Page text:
This is fascinating for several reasons.  The most important is that these patents, which cost a lot of money to file and receive and even more should litigation occur aren’t worth much.  Even economists (who traditionally seem to love patents of all types) should agree that there are a tremendous amount of deadweight losses associated with the current regime. 

The survey also gives insight in how to deal with patent trolls and non-practicing entities.  The survey suggests that if one is able to support the litigation costs to fight a troll, they have a very good chance of winning.  Unfortunately, due to the massive costs associated with troll litigation, 90% of more cases settle.  But perhaps this changes over time if this latest article becomes influential. 

Bottom line: a lot of folks have felt that most software patents are of poor quality.  This is the first study that backs up this intuition with real data.  This survey indicates that the social benefits of software patents are low ( and maybe even net negative value).  When you throw in the abuses and opportunistic behavior from patent trolls and NPEs into the mix, it’s more clear than ever that this system is completely broken. 

I’d highly encourage you to read a great summary from Techdirt on the survey

September 26th, 2010     Categories: Patents / IP    

A Balanced Summary of the Berkeley Patent Project

Recently, I wrote a strong rebuke of one author’s interpretation of the recently released High Technology Entrepreneurs and the Patent System: Results of the 2008 Berkeley Patent Survey that came out the day after Bilski was decided.

I was particularly upset in that I believe the author was intentionally distorting the facts of the survey for his own benefit.  Given how important patent policy is to this country’s innovation economy, I was amazed how a professor at a major University could be so cavalier with the facts of his own survey.  It was also disappointing that the first and best analytical study of its kind was being degraded by false interpretations.  If you feel like seeing the back and forth, feel free to check out his article and our collective comments).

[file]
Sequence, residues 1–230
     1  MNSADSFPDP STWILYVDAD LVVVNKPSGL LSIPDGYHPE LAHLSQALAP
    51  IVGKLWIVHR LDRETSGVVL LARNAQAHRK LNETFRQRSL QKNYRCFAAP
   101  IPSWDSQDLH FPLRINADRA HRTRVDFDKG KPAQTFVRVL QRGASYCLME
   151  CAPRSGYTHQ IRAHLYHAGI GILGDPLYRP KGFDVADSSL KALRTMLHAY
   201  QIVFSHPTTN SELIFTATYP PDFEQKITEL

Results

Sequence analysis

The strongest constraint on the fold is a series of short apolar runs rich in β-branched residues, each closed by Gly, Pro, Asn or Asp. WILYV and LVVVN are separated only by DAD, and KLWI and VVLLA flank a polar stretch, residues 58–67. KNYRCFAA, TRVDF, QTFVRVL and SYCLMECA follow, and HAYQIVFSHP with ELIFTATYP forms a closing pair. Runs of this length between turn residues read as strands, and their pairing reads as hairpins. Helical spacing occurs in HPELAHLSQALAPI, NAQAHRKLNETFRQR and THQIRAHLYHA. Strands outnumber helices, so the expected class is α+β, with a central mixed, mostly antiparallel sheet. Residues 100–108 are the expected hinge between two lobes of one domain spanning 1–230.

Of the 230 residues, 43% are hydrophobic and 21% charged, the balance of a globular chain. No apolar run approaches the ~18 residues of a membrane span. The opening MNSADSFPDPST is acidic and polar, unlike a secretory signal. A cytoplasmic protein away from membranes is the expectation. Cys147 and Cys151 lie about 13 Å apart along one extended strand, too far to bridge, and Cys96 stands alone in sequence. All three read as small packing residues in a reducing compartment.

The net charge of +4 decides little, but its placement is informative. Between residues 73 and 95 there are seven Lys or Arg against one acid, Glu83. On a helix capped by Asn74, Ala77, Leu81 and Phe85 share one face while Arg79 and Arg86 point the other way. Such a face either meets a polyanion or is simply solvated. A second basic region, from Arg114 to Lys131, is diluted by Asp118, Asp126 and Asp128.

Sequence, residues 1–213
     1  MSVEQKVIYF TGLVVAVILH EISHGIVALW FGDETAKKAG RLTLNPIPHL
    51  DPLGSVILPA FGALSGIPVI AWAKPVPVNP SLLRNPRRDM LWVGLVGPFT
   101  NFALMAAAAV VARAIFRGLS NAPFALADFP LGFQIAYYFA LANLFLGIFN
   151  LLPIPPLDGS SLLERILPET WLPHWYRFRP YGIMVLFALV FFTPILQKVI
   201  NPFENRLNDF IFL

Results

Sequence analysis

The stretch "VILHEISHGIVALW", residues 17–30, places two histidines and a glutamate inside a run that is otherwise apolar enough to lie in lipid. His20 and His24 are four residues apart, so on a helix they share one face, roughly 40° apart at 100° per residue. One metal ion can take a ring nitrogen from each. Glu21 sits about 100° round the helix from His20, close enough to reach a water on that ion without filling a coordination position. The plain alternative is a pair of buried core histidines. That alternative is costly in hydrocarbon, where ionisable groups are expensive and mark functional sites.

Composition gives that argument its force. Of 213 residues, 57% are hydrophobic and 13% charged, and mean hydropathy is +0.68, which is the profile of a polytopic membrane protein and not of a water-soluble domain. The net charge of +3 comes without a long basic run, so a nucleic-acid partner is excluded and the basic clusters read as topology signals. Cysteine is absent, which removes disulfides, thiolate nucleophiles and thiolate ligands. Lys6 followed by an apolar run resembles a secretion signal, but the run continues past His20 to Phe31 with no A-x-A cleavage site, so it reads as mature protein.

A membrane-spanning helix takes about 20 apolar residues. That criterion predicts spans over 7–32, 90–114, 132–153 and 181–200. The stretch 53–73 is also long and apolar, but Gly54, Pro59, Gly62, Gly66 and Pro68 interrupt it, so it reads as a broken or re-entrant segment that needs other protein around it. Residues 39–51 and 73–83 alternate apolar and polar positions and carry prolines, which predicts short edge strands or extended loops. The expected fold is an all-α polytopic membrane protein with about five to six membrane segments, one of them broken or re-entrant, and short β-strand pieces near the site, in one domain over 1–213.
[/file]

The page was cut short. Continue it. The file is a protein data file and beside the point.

While I was away recently, Pamela Samuelson, (who was also one of the authors of the survey) gave her interpretation of the survey.  Her article is entitled Why Software Startups Decide to Patent …. Or NotI realize that I’m  a bit biased from view of software patents in general, but Pam’s analysis is much more neutral and balanced and therefore much more instructive in its teachings.  I will also point out that many of my comments of the prior article are supported by Pam’s analysis.

My partner Brad wrote an excellent summary of Pam’s analysis and is a must read for anyone who is interested in the subject.

Well done, Pam.  I really look forward to your future work based off the survey. 

July 31st, 2010     Categories: Education, Patents / IP, Policy    

Bilski Redux and Why You Shouldn’t Believe Everything You Read

The Bilski decision came down yesterday and I’m still in a state of complete denial.  Basically, the court punted on the difficult issues and while denying Bilski his patent, they didn’t do anything to help the horrible state of the patent ecosystem that we have today. 

(For a great summary of the case, check out the Groklaw summary). 

To make my stomach even more upset, today I was alerted to an article authored by Ted Sichelman entitled “Why Bilski Benefits Startup Companies.”

In short, Sichelman points to a study that he was involved with and tries to come to the conclusion that these types of patents are good for startups. 

To quote him:

“in a recent survey of startup firms, the Berkeley Patent Survey—which I conducted with Robert Merges and Pamela Samuelson of UC Berkeley School of Law and Stuart Graham (now Chief Economist at the PTO)—startup executives reported that nearly 70% of venture capital firms and 50% of angel investors said that patents were important to their investment decisions.”

While I vehemently disagree with the article, what I found most interesting was a commenter who used a prior post that I wrote on why the study that Shichelman was involved in may be flawed.

Sichelman attempts to refute my post in the comment section, but fails badly.

First of all, it seems clear to me that Sichelman has intuitions on patents based on his experiences and has used the data to fit his theories, rather than using the data in an unbiased way to figure out what is really going on with patents and startups.

I make this assertion based on a couple of observations: